Target change, and thrive

Today everyone’s bombarded with information, and no one feels they have enough time to do all the things they want or need to do. Given this new reality, you and your team members need to find new ways to communicate with and to pet owners about their pets’ critical healthcare needs.

A simple postcard vaccination reminder no longer has the power it once did when it comes to bringing pet owners to the practice. To make up the difference in response, team members need to take more responsibility. They need to call clients to follow up; remind them of appointments; and schedule the dental procedure, progress exam, or other recommended care.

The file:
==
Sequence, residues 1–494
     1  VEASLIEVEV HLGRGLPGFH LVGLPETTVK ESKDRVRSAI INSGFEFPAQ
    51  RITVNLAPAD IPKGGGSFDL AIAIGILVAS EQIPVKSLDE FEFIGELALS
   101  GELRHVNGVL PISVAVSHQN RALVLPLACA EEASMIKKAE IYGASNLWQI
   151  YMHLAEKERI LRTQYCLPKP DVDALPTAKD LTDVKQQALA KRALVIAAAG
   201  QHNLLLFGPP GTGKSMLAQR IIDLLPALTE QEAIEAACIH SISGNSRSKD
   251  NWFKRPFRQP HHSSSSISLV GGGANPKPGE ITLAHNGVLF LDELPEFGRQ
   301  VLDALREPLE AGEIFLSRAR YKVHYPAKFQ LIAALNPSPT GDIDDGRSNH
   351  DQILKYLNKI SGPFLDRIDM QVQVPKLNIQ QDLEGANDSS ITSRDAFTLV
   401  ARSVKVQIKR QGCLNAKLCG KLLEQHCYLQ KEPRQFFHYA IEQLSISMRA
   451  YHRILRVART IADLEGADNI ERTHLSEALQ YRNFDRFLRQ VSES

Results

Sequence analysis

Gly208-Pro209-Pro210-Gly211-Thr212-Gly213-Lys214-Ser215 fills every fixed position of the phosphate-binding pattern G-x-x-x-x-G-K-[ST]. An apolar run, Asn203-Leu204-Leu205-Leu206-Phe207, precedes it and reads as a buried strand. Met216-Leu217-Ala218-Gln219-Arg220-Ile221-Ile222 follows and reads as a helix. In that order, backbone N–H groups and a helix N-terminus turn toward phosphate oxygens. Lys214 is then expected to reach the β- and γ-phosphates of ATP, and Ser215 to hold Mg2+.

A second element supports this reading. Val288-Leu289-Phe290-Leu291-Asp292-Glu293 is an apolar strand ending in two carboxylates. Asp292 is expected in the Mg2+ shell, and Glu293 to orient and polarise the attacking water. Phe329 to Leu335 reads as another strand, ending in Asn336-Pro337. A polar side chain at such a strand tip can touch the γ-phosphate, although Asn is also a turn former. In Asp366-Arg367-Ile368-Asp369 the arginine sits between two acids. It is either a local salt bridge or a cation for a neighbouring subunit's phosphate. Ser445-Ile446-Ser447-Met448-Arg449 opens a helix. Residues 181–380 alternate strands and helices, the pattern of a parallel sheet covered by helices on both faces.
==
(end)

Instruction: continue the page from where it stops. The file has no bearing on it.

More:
Yes, this approach takes time. But we need to build personal ties with clients if we’re going to help them help their pets. And spending more time connecting with and educating pet owners is essential to maintain the financial health of the practice, too. Just as we change our medical recommendations to offer better care for pets, we need to rethink our service approach to help clients keep their four-legged family members healthy.